The DeFi Developer’s Guide to Achieving Successful Transparency — Part 1

Jun 28 · 10 min read

This is the first article of a series going in depth on how developer’s in the DeFi space can instill confidence in their users. Learn how to build trust and transparency using DeFi Safety’s clear and comprehensive guidelines.

What is DeFi Safety?

We are an organization focused on improving the blockchain ecosystem by conducting independent reviews on DeFi projects using our own rigorous, transparent and well documented process. We are not financially incentivized by projects to do our reviews. We truly believe that by giving developers clear transparency standards we can improve the quality of Decentralized Finance as a whole.

Why is Transparency Important?

Transparency is important for users and developers because it allows both parties to review information, make informed decisions and signal any exploitable problems on a Decentralized Application. With public information, especially regarding smart contracts, a user (with perhaps some Solidity knowledge) can read and understand what your protocol does, and if it’s working as it should be. Integrating transparent practices will make your code stronger, your development and testing more robust and users more inclined to invest in your project. With transparency, everybody wins.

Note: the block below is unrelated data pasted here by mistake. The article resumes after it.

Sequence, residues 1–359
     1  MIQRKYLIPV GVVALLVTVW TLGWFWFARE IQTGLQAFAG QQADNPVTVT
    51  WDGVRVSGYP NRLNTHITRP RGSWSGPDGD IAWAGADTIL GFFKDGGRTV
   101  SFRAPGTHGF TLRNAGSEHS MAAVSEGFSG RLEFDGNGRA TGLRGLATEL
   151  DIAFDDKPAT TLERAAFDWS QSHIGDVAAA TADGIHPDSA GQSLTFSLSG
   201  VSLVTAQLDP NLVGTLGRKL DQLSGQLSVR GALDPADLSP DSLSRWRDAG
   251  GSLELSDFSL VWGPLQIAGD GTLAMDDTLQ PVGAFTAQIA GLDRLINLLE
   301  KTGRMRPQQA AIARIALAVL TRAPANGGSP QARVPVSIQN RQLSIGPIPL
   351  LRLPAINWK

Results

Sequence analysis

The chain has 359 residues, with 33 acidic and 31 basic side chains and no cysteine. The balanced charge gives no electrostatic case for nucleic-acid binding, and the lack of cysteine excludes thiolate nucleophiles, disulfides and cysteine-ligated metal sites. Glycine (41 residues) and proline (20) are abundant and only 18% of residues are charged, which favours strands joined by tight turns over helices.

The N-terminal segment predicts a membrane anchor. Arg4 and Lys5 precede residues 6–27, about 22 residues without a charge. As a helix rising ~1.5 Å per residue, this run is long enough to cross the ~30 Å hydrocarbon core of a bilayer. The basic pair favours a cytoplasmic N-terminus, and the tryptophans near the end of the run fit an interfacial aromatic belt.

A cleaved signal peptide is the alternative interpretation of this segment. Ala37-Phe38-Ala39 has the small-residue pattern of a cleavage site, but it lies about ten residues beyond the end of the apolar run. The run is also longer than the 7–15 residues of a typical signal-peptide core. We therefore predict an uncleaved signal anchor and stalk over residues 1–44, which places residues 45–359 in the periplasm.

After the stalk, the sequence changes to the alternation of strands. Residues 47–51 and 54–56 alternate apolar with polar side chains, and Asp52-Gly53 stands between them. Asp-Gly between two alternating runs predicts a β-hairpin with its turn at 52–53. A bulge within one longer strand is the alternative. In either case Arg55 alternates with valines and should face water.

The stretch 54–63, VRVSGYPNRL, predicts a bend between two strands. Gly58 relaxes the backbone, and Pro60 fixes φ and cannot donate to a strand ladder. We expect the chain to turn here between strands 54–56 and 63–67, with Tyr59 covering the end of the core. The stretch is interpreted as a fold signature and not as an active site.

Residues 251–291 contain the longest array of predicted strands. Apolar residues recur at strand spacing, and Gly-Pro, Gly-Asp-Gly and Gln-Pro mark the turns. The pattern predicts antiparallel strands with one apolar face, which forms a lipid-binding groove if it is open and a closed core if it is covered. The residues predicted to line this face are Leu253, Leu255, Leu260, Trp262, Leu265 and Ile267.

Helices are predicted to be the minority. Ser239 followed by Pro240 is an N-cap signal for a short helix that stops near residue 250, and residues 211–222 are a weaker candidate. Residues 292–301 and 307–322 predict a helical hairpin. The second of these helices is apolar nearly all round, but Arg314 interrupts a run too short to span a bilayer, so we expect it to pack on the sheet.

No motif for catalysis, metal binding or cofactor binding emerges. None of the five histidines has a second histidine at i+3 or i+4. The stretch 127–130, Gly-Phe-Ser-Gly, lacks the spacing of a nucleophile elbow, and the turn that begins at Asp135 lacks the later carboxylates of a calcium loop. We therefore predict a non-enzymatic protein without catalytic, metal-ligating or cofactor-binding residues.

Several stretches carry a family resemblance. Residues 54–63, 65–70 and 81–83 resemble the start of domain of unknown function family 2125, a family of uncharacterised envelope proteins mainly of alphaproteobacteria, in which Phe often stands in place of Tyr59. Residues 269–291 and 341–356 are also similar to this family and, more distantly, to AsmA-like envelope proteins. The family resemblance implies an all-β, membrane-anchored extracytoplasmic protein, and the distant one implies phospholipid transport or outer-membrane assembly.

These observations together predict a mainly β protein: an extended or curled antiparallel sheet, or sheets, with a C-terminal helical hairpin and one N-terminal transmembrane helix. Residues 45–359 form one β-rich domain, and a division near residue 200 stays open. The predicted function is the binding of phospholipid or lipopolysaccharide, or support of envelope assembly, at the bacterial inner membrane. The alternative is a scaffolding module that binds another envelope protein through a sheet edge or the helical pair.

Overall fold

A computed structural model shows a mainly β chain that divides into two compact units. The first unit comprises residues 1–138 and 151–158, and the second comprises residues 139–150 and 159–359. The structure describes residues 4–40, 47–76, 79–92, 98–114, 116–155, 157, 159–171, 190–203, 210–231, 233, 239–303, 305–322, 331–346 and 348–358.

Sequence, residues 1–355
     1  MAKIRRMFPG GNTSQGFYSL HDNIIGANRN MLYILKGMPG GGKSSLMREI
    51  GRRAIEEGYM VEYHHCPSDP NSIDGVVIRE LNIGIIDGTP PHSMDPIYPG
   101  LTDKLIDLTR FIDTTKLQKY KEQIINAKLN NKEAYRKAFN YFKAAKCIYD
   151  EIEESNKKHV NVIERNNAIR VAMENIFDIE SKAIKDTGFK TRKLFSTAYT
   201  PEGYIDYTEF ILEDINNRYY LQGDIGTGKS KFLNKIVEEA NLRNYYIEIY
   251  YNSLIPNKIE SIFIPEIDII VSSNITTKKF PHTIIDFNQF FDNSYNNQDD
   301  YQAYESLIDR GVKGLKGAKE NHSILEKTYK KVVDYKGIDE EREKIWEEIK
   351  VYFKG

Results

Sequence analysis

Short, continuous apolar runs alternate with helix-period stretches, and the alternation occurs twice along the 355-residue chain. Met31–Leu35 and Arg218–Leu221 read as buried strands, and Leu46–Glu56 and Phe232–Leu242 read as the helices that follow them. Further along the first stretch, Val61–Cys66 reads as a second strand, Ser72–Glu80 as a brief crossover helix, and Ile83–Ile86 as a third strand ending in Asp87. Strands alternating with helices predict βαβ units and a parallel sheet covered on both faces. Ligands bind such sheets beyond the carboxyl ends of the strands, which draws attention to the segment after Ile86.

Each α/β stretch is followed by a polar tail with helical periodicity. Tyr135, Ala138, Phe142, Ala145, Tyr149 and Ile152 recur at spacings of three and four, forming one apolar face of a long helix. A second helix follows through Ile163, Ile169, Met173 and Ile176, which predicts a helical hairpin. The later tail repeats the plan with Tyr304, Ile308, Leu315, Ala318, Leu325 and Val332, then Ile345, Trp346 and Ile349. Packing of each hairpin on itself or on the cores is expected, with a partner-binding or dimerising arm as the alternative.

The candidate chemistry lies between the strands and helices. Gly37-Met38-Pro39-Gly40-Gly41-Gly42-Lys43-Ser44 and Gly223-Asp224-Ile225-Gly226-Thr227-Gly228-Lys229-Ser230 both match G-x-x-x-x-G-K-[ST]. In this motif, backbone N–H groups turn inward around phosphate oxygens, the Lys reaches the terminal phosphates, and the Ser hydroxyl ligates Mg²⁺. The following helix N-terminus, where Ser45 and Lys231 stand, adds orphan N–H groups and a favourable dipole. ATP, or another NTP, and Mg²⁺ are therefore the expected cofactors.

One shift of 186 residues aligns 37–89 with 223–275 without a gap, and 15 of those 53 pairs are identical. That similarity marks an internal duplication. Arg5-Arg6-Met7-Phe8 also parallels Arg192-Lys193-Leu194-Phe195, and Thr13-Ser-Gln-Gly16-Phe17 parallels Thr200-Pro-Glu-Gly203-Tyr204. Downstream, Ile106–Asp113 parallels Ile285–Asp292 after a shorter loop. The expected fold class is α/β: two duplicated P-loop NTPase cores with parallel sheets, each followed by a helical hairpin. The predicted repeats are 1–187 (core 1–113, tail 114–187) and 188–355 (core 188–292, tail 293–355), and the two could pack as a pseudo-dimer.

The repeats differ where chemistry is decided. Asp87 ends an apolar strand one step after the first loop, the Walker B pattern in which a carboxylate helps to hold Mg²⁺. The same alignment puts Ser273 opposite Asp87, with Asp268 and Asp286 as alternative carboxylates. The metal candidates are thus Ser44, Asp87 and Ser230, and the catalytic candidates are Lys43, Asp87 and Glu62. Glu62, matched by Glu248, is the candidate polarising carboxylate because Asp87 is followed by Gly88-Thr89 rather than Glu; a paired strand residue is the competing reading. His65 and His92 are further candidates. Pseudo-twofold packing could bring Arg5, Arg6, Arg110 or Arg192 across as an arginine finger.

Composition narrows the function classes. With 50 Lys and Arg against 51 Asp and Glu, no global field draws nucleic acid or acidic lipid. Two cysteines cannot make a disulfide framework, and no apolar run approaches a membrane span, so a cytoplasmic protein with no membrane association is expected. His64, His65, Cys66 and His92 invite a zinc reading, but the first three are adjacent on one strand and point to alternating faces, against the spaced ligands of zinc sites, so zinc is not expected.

The “EASY” Guide

There are eight criteria points relating to DeFi Safety’s public review process that are covered in this article. These eight points are the easiest for a project to fully achieve according to their review process. This is the bare minimum you, as a project manager or developer should shoot for on the path to Successful Transparency.

We will clarify how each criteria impacts the scoring system and grading metrics that we use to review a project or protocol. Grades can either be represented as a percent (%) of completeness or as a simple yes or no (Y/N). The Overall Score Impact is the percent value each question is worth as a part of DeFi Safety’s complete review process.